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5 Creole Dishes You Will Love

July 24, 2012 Le Cordon Bleu Orlando 0 Comments

5 Creole Dishes You Will Love

There are two categories of Southern cooking that are beloved by many food fanatics: Cajun and Creole. While many people mistake one for the other because they both share many similarities, Cajun and Creole are really two different styles.  If you attend a cooking class or cooking school in Orlando you will likely learn all the differences between the two types fairly quickly. Here is a brief overview and some of the tastiest dishes you will love!

Creole cooking comes from the heart of Louisiana where people live off of what's available to them. This part of the country has received influence from the Portuguese, French, Native American, Spanish, African, and Italian cultures. Aspects from the foods of all these lands can be seen in traditional Creole cooking. If you consider yourself a foodie, the following Creole dishes might just make your taste buds dance.

1) New Orleans Shrimp Creole

Creole is a great food for entertaining guests because it is so simple yet delicious. The savory and spicy New Orleans Shrimp Creole will put a spark in your mouth and warm your belly. The dish has a very rustic and homey feel to it and just makes you want to share it with a special someone.

Here's how to make it:

-Cook 8 slices of diced bacon in a large skillet over a medium flame. It should take about 6 minutes to completion over medium-high heat.
-Next, take the bacon out of the skillet and set it aside in a separate container. Leave the bacon fat and drippings in the pan.
-Add 1/2 cup of chopped yellow and green onions, 1 clove of minced garlic, 1 cup of chopped celery, and 1.5 cups of chopped bell pepper into the pan and cook until the vegetables become very tender. This should take no more then 8 minutes over medium heat.
-Now put in 2 cans of plum tomatoes, 3 tablespoons of tomato paste, 1/4 cup of red wine vinegar, 1.2 teaspoon dry mustard, and 1/2 cup of stock. Season with salt, pepper, and Tabasco sauce according to your personal tastes.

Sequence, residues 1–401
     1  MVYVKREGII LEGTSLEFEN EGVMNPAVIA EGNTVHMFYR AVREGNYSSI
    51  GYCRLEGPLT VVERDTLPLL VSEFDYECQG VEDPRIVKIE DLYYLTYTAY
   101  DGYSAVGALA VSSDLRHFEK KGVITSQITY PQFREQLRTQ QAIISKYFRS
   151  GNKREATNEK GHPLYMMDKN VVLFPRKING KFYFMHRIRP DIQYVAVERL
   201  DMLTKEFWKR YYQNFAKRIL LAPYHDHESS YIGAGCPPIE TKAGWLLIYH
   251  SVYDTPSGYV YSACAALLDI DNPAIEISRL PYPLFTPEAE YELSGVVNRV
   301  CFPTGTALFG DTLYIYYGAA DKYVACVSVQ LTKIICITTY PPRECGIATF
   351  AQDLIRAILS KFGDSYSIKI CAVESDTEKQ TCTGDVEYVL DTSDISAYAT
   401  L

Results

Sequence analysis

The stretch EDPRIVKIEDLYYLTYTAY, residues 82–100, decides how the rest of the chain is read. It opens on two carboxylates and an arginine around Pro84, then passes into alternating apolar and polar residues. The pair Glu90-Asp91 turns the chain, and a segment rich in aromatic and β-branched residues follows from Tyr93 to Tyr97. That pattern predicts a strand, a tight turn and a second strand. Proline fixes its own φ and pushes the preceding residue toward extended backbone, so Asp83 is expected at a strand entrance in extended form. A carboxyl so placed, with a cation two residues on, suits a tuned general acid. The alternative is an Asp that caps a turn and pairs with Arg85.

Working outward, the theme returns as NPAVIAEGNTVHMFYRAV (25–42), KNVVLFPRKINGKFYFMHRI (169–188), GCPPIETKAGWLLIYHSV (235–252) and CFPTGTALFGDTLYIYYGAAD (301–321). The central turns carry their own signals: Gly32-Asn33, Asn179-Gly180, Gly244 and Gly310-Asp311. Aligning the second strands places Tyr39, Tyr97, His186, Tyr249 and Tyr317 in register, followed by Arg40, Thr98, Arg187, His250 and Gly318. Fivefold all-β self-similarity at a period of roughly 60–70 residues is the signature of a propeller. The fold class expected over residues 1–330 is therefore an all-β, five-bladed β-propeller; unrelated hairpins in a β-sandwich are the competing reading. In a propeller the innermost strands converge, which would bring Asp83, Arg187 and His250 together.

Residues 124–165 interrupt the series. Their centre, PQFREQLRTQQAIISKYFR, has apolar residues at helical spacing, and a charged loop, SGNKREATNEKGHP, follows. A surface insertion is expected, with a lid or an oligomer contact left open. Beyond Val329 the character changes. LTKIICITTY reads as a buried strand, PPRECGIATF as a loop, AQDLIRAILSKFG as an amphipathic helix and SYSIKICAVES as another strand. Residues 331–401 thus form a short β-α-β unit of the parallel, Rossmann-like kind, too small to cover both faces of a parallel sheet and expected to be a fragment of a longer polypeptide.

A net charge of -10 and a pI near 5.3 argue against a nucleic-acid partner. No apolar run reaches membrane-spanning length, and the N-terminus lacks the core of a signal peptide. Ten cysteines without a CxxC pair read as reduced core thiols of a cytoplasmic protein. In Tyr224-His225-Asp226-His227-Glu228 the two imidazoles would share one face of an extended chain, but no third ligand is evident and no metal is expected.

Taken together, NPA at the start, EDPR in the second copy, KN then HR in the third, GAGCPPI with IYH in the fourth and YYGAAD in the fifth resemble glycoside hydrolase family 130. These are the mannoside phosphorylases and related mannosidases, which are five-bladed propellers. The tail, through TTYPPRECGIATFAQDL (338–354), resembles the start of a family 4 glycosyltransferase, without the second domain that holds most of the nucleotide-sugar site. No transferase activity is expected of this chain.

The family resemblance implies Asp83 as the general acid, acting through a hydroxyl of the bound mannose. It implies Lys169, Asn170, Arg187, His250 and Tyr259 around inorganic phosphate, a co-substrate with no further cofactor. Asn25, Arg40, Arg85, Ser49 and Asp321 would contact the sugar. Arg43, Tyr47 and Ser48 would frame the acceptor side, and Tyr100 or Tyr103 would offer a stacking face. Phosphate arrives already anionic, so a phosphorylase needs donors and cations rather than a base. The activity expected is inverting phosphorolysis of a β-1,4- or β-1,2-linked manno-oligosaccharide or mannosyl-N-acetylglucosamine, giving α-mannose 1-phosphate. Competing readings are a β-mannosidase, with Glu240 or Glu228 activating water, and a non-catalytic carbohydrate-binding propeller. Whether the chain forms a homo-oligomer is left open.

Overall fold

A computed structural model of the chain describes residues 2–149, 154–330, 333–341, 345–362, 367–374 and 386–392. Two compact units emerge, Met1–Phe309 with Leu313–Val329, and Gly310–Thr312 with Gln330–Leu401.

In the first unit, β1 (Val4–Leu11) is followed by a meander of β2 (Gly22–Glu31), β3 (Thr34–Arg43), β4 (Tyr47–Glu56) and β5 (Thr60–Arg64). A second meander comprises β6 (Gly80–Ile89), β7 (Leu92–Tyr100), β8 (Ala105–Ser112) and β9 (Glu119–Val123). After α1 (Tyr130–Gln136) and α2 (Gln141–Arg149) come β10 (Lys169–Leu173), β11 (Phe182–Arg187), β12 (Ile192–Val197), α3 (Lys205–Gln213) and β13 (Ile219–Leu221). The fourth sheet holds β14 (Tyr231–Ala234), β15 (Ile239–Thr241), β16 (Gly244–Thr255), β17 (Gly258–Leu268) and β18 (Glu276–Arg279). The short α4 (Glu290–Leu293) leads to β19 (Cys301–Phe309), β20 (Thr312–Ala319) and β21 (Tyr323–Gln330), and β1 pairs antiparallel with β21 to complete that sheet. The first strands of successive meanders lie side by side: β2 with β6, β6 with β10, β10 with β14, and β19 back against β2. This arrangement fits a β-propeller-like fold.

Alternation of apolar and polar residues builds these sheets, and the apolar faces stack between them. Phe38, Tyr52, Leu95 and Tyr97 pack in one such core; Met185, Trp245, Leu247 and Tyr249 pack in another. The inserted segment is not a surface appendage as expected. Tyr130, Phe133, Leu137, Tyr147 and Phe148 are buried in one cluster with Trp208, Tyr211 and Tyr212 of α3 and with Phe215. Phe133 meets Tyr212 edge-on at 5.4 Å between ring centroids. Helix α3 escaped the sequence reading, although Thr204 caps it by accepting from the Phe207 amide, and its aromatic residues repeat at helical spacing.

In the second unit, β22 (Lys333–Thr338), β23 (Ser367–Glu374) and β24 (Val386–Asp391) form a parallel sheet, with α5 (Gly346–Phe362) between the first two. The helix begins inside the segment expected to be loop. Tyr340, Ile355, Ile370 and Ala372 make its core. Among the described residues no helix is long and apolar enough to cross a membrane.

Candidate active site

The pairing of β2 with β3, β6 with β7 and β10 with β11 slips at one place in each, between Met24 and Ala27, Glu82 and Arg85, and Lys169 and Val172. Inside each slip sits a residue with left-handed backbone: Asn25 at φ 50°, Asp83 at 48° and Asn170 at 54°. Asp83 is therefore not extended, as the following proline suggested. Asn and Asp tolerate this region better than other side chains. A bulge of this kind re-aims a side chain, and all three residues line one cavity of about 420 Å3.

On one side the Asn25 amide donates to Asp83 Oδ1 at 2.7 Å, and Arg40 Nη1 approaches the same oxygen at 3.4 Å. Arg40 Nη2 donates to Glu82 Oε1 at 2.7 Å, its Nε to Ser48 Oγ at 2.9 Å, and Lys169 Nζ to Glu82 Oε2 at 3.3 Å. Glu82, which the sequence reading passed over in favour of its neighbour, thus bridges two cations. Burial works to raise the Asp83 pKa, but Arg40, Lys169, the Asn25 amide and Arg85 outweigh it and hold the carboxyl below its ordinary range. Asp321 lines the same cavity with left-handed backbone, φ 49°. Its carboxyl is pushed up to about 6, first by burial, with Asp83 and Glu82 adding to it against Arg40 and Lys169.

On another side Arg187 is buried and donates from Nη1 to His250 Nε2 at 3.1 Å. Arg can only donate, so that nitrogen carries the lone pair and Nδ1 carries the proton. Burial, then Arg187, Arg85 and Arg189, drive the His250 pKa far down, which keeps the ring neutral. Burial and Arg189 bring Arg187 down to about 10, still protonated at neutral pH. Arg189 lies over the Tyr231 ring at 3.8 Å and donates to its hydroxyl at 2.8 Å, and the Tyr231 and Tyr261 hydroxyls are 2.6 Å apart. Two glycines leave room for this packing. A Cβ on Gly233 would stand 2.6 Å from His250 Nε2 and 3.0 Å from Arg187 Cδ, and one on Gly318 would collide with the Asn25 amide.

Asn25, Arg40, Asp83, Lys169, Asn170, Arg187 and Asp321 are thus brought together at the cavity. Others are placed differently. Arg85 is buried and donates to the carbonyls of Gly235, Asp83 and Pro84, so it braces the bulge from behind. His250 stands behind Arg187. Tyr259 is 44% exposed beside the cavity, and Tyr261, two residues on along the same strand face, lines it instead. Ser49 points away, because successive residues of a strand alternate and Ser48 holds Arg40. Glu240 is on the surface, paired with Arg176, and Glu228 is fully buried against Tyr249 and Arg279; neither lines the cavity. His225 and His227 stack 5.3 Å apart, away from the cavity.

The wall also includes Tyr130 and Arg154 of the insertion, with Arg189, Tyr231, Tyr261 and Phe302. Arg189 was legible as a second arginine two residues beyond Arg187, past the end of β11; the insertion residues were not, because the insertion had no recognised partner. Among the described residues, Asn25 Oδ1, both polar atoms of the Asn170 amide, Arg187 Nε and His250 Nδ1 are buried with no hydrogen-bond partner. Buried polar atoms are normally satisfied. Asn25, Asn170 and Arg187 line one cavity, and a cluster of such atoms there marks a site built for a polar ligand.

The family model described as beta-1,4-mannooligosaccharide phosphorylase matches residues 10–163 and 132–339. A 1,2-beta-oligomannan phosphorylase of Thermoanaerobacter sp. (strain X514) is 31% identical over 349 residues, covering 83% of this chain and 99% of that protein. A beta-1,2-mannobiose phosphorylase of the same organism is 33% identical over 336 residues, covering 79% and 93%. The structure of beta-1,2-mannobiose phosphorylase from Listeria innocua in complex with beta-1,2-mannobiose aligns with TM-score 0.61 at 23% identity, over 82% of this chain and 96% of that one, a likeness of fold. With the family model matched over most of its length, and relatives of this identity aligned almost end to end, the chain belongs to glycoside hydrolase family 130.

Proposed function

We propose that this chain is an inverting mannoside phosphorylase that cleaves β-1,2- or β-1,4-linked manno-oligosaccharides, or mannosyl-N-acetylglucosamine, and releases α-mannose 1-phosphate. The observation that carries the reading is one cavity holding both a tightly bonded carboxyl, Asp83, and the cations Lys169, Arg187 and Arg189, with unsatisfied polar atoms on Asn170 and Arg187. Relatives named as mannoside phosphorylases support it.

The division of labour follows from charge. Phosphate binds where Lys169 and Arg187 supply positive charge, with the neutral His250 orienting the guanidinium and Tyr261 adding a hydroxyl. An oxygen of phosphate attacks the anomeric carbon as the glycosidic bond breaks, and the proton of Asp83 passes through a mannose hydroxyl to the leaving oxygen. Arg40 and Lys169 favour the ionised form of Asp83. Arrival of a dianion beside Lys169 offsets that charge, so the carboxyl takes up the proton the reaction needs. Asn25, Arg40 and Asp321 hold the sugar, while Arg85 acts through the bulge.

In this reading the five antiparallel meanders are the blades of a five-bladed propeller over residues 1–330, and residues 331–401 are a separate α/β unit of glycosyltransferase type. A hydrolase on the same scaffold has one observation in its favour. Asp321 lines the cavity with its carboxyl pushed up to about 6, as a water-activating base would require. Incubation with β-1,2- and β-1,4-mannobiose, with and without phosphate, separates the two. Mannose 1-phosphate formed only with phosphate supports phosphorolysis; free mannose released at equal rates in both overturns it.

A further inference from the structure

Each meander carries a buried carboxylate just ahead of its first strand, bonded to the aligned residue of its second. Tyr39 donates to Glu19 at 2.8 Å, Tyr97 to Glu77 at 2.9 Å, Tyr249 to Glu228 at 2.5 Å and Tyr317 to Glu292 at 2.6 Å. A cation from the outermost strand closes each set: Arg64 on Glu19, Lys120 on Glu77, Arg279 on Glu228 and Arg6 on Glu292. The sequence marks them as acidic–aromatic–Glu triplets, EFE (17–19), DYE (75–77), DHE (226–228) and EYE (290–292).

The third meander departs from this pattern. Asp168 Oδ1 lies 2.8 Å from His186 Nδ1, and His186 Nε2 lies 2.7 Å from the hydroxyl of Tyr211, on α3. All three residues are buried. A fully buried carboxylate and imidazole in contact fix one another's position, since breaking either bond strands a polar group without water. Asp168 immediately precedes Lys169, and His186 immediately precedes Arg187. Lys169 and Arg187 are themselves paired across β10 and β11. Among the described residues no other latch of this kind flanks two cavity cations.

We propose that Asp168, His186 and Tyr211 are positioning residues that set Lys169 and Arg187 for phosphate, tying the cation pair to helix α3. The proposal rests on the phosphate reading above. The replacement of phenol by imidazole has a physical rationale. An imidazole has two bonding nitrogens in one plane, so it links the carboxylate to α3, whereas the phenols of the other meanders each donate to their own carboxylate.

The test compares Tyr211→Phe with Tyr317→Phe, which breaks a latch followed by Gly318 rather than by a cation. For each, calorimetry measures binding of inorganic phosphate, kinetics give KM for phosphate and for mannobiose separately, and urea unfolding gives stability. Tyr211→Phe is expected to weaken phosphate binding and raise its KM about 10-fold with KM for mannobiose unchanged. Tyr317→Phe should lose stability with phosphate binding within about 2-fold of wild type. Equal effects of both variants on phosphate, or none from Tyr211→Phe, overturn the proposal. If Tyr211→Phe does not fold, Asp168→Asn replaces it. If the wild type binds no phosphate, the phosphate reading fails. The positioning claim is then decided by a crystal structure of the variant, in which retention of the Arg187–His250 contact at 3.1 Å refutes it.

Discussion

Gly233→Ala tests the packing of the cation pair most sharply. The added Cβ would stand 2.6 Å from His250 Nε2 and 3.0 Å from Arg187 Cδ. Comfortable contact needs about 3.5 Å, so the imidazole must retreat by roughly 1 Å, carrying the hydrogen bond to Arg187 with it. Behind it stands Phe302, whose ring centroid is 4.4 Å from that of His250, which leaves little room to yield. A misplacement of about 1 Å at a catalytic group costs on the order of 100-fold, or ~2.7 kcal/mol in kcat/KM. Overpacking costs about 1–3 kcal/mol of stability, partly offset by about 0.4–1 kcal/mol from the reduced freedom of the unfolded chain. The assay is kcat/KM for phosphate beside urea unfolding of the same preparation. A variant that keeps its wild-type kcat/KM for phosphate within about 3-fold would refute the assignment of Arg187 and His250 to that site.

-Re-add the bacon to the skillet and stir. Let the whole combination simmer for about 20 minutes over medium-low heat.
-Finally, add the 1/2 cup of wine and 1 lb of large, peeled shrimp. This should finish cooking in 5 minutes.

2) Louisiana Chicken and Sausage Gumbo

One of the most popular Southern foods has got to be gumbo. This scrumptious mixture of vegetables, meats, herbs and spices cooks down perfectly in a miracle broth that is both spicy and extremely flavorful. Unlike most traditional gumbos, this version packs some extra protein in the form of healthy, white chicken breast. For a slight twist on a Creole classic, serve the Louisiana Chicken and Sausage Gumbo to your family. They will surely thank you for it.

3) Louisiana Sausage Jambalaya

This Creole dish is a favorite amongst true Louisiana natives. It harmoniously combines the flavors of Spain and France into a uniquely tasty recipe. Also called "Red Jambalaya," this dish starts off with smoked Andouille sausage mixed with bell peppers, onions, and celery. Tomatoes usually follow the previous triad of vegetables followed by shrimp or shellfish. To finish things off, chicken stock and rice is combined with the rest of the ingredients for a complete dish that is to die for.

4) Creole Crab Cakes

A lot of seafood in the US comes from Louisiana, and crabs are no exception. With access to such fresh ingredients, it's no wonder that seafood dishes are so popular with the Cajun and Creole styles. Crab cakes are a great and simple way to enjoy the quality of the fresh seafood of the South. Normally, lump crab meat is combined with bread crumbs, mayonnaise, eggs, and vegetables to form thick, tasty patties.

5) Louisiana Crawfish Casserole

Crawfish might as well be the official food of Louisiana because they can be found in abundance there. That explains why crawfish are incorporated into so many Creole dishes, especially in any cooking class you might take. While the small crustaceans can be eaten alone, crawfish serve as an excellent replacement for shrimp is most recipes. The Louisiana Crawfish Casserole puts the little critters into the spotlight of this rich and creamy soul food.

If you enjoy these tips, maybe cooking school in Orlando would be a good fit for you!

This article is presented by Le Cordon Bleu College of Culinary Arts in Orlando. Le Cordon Bleu College of Culinary Arts in Orlando offers culinary arts and pâtisserie and baking training programs in Orlando, Florida. To learn more about the class offerings, please visit Chefs.edu/Orlando for more information.

Find disclosures on graduation rates, student financial obligations and more at www.chefs.edu/disclosures.  
Le Cordon Bleu® and the Le Cordon Bleu logo are registered trademarks of Career Education Corporation. Le Cordon Bleu cannot guarantee employment or salary. Credits earned are unlikely to transfer.


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